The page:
I am also going to build an archway in the front of my oven and close it up a bit, and make a door.


              Similar to this one.

              Build A Wood Fired Brick Oven / DIY Pizza Oven by BrickWood Ovens
              Last edited by DJVoorhees; 09-12-2012, 06:00 AM.

              Comment


              • #8
                Re: New guy from NJ

                Originally posted by DJVoorhees View Post
                The idea behind these ovens is the thickness and the amount of firebrick used in the construction. The oven is 5-6 inches thick and all firebrick. IT supposedly holds heat that way - no insulation and no door needed. I am however thinking about the insulation just like DavidApp said.

                I am also going to build an archway in the front of my oven and close it up a bit, and make a door.


                Similar to this one.

                Build A Wood Fired Brick Oven / DIY Pizza Oven by BrickWood Ovens
                I hope you have a large, low cost source of wood. Without insulation under the oven you will lose a bunch of heat into your structure. With 4.5 inches of insulation under my floor bricks I still read 20 - 50F degrees over ambient radiating into the ceiling of my wood box below my oven, after long burns.

                Putting insulation over the oven will help but heat being sucked out the flue and into the floor will still be a major issue.

                And a lack of a way to damper the flue, or completely isolate it from the firebox you will loose a great deal of heat after the fire goes out. Not much chance for bread baking here.

                Best of luck.

                Chip
                Chip

                Comment


                • #9
                  Re: New guy from NJ

                  Originally posted by mrchipster View Post
                  I hope you have a large, low cost source of wood. Without insulation under the oven you will lose a bunch of heat into your structure. With 4.5 inches of insulation under my floor bricks I still read 20 - 50F degrees over ambient radiating into the ceiling of my wood box below my oven, after long burns.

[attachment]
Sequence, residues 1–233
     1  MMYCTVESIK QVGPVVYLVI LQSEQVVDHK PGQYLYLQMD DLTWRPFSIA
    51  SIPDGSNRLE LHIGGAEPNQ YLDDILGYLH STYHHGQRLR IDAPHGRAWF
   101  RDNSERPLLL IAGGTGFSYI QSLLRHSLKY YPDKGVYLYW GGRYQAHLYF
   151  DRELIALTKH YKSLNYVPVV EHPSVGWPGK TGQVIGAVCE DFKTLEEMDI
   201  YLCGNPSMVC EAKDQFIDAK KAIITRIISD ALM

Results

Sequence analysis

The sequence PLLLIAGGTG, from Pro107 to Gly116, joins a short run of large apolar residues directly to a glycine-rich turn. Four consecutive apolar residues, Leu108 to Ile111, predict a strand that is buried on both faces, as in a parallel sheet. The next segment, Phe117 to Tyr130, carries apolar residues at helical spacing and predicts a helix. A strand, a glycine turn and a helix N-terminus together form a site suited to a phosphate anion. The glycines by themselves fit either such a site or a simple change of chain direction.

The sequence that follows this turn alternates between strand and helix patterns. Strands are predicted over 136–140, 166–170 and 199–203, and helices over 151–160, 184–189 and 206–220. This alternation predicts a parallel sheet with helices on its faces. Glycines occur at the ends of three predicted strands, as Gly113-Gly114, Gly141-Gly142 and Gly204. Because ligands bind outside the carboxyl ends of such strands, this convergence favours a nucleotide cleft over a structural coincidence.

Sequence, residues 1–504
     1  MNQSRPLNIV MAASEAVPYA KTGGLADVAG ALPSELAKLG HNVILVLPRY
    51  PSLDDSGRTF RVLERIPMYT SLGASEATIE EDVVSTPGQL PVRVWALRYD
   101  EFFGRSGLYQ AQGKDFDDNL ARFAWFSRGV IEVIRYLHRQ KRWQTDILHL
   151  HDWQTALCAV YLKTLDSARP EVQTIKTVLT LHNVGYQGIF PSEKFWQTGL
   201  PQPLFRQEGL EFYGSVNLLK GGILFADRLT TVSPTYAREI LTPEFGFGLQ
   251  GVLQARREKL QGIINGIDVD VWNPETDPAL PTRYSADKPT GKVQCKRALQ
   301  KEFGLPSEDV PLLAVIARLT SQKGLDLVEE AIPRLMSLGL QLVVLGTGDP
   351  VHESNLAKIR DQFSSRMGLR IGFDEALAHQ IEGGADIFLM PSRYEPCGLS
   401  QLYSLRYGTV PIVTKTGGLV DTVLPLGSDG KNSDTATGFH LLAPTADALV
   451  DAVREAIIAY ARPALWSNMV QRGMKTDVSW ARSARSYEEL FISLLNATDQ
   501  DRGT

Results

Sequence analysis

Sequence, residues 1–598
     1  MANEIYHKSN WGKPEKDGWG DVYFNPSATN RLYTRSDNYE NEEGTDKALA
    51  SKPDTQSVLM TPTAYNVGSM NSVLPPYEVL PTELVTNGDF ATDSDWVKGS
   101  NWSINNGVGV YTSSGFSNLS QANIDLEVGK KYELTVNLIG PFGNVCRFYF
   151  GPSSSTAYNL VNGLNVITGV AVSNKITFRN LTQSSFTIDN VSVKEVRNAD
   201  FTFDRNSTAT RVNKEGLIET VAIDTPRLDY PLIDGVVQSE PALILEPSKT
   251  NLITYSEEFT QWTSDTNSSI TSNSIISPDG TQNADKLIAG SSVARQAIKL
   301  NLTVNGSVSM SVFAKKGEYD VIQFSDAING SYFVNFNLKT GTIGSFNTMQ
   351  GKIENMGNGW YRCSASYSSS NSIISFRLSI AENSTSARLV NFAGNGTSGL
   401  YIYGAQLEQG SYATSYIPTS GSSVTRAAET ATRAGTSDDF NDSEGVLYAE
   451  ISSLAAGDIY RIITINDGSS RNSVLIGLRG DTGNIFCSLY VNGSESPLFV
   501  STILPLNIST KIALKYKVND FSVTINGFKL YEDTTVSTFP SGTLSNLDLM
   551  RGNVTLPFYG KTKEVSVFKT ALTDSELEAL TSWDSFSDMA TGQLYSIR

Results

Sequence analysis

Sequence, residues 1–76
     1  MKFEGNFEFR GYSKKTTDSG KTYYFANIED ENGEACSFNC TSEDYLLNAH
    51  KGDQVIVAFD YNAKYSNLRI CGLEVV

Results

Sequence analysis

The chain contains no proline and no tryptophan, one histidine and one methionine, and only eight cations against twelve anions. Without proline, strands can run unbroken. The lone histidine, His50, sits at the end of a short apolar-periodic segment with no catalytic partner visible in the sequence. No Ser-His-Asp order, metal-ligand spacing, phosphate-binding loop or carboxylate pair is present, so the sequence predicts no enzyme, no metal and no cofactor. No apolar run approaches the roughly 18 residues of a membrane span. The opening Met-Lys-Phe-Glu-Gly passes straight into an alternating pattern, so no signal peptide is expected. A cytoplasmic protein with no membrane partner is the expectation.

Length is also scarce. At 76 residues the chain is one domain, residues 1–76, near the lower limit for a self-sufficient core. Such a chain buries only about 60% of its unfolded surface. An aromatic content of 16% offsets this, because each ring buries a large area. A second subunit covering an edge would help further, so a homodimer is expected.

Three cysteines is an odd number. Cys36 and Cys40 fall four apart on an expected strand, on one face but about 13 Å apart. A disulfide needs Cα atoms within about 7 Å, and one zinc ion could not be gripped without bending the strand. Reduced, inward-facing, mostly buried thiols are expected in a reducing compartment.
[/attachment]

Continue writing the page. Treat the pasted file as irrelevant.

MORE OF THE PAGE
Putting insulation over the oven will help but heat being sucked out the flue and into the floor will still be a major issue.

                  And a lack of a way to damper the flue, or completely isolate it from the firebox you will loose a great deal of heat after the fire goes out. Not much chance for bread baking here.

                  Best of luck.

                  Chip
                  Yes, I starting to understand that. Thanks for the info.

                  Just curious - when you say the floor temp is 20-50 degrees over ambient, do you mean the ambient outside temp?

                  I would think that the fire burning on the floow would impart lots of heat given you heat it well.

                  Comment


                  • #10
                    Re: New guy from NJ

                    Originally posted by DJVoorhees View Post
                    Yes, I starting to understand that. Thanks for the info.

                    Just curious - when you say the floor temp is 20-50 degrees over ambient, do you mean the ambient outside temp?

                    I would think that the fire burning on the floow would impart lots of heat given you heat it well.
                    The 20 - 50 degrees over ambient is outside the oven -- layers are listed top to bottom.
                    (All temps measured with an IR thermometer.)

                    Layers

                    Inside oven at ceiling firebrick 4.25 inches thick - 950F
                    Firebrick floor of oven 2.5 inches thick - 800 - 900F
                    Ceramic Board insulation 2 inches - Unknown temp
                    Vermicrete insulation 2.5 inches - Unknown temp
                    Concrete structural layer 4.5 inches thick
                    Outside bottom surface of structural layer 20 - 50F above outside Air temp (ambient). after about 5 hours at 800 - 900F inside the oven

                    From - the web site you linked to it states ---

                    "How hot do the ovens get and how long can they hold their heat?
                    The ovens can get up to 900+ degrees and can hold their cooking heat for hours! You can cook for
                    hours off a single firing! For a longer cooking experience, you will need to occasionally add a piece of
                    firewood to increase the heat."


                    A well insulated oven should keep heat for days not hours, and always needing to add wood is a costly solution; And might not be what you want for certain types of cooking.

                    I can cook for up to 6 days after raking out my coals. I need to wait until two days after a Pizza party to cook bread at 550F. because the oven is still to hot. Today there are ribs going in the oven at 240F from a fire I had on Friday. and I baked 60 rolls of bread on Sunday. Again there has been no "Fire" in the oven since Friday - just cooking on retained heat.

                    I am not trying to be a wet blanket here but trying to get people who are not insulating to understand the issue.